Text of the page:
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A Framebuffer holds textures that will be used as render targets for RenderPipelines together with additional information on how the RenderPipeline should use the various attached textures:

  • one or more color textures
  • optionally a depth / stencil buffer
  • clearColor, clearDepth and clearStencil etc fields on the various attachments.

The list of attachments cannot be changed after creation, however a Framebuffer can be "resized" causing the attachments to be resized.

Special Framebuffers can be obtained from CanvasContexts that enabled rendering directly into HTML canvases (i.e. onto the screen).

The use of framebuffers is described in detail in the Rendering Guide.


Creating a framebuffer and have it auto-create color and depth attachments

const framebuffer = device.createFramebuffer({
width: window.innerWidth,
height: window.innerHeight,
colorAttachments: [{format: 'rgb8unorm'}],
depthStencilAttachment: {format: 'depth24unorm-stencil8'}

Creating a framebuffer with supplied color and depth attachments

const size = {
width: window.innerWidth,
height: window.innerHeight
const framebuffer = device.createFramebuffer({
colorAttachments: [device.createTexture({format: 'rgb8unorm', ...size})],
depthStencilAttachment: device.createTexture({format: 'depth24unorm-stencil8', ...size})

Resizing a framebuffer to the size of the browser's window by resizing all attachments.

framebuffer.resize(window.innerWidth, window.innerHeight);

To render into a canvas make sure you have a CanvasContext for that HTML or offscreen canvas. You can the obtain a Framebuffer object from the CanvasContext using canvasContext.getDefaultFramebuffer().

For the

const canvasFramebuffer = canvasContext.getDefaultFramebuffer();
const canvasRenderPass = device.beginRenderPass({framebuffer: canvasFramebuffer});
model2.draw({renderPass: screenRenderPass, ...});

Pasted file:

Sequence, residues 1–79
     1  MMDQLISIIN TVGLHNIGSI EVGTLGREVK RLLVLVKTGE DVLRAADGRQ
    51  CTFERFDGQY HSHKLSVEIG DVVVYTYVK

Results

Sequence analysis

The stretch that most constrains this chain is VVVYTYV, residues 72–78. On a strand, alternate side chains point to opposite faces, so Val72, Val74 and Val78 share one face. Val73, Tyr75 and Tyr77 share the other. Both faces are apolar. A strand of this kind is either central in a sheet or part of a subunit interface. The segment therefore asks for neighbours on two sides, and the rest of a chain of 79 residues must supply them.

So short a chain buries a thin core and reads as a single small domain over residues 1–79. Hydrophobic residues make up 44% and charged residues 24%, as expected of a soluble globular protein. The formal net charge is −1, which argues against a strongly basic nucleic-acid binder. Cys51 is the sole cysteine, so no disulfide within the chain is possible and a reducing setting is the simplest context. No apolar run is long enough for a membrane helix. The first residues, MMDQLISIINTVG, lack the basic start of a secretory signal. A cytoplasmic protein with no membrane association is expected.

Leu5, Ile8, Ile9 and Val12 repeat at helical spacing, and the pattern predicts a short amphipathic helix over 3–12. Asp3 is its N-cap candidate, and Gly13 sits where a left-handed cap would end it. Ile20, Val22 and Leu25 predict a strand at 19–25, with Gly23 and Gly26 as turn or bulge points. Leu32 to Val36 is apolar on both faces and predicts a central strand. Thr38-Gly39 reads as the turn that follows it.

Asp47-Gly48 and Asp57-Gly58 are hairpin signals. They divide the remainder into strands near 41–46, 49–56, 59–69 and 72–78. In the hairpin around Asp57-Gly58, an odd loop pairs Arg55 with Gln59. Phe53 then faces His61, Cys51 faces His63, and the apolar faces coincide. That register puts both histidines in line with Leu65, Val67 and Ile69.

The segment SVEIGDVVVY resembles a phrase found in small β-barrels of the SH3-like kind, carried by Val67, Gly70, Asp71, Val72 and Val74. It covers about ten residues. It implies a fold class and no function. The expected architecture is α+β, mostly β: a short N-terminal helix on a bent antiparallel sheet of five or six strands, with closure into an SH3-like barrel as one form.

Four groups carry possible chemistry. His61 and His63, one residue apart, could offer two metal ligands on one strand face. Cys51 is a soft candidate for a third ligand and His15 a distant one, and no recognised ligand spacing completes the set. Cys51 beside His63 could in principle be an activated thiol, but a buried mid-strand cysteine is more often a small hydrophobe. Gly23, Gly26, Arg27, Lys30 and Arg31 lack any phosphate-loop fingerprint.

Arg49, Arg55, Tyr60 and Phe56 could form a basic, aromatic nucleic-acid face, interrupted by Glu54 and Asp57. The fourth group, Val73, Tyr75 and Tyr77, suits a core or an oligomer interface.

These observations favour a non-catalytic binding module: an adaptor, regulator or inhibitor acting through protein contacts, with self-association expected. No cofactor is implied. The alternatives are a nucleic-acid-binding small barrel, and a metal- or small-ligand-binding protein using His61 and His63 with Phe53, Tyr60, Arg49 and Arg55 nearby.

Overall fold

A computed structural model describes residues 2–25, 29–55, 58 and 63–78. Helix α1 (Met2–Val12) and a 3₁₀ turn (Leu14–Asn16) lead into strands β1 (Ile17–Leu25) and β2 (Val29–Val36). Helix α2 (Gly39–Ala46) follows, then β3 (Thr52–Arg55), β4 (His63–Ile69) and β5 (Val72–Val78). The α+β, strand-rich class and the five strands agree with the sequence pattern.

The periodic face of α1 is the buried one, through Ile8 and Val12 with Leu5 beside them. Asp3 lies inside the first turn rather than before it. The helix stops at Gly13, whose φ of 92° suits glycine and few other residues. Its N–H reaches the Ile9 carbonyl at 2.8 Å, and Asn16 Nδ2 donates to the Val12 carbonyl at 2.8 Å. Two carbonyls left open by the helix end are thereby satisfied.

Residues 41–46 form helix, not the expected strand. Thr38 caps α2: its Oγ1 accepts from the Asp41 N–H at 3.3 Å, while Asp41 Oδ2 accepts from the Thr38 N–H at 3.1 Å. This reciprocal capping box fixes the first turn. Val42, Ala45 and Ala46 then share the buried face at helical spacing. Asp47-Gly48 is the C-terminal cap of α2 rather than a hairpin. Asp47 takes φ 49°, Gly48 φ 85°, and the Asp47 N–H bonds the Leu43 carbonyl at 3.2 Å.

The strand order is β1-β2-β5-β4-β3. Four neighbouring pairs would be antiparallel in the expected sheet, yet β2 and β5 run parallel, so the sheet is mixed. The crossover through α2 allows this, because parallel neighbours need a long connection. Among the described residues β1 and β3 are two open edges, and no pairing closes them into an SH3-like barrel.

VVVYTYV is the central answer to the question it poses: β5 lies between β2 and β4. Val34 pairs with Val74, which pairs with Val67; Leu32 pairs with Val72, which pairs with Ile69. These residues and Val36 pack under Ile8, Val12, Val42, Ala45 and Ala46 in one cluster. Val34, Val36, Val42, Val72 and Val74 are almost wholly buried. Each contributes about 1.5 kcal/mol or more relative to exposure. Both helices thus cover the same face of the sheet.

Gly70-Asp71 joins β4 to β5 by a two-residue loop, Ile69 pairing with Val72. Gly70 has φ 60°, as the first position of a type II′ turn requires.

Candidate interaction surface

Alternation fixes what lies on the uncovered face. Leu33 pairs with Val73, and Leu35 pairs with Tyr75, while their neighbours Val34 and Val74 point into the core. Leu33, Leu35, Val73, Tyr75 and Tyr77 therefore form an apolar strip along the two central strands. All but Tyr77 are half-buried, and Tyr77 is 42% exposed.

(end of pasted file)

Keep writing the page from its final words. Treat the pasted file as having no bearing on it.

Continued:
Alternatively can create texture based framebuffers for off-screen rendering. Specifying a separate offscreen framebuffer for rendering:

const offScreenFramebuffer = device.createFramebuffer(...);

const offScreenRenderPass = device.beginRenderPass({framebuffer: offScreenFramebuffer});
model1.draw({renderPass: offScreenRenderPass, ...});

// Textures attached offscreenFramebuffer now contain the results of the first renderpass,
// and those textures can be used as input for a second to-screen render pass

const screenRenderPass = device.beginRenderPass();
model2.draw({renderPass: screenRenderPass, ...});


Framebuffer Attachment Values

The following values can be provided for each attachment point

  • Texture - attaches at mipmapLevel 0 (the the supplied Texture's default TextureView.
  • TextureView
    • 2d: attaches the specified mipmapLevel from the supplied Texture, or cubemap face. The second element in the array must be 0.
    • cube: face (depth), mipmapLevel=0 - attaches the specifed cubemap face from the Texture, at the specified mipmap level.
    • 2d-array, layer (number), mipmapLevel=0 (number)] - attaches the specifed layer from the Texture, at the specified mipmap level.
    • 3d, layer (number), mipmapLevel=0 (number)] - attaches the specifed layer from the Texture3D, at the specified mipmap level.

Framebuffer Attachments

A Framebuffer holds:

  • an array of "color attachments" (often just one) that store data (one or more color Textures)
  • an optional depth, stencil or combined depth-stencil Texture).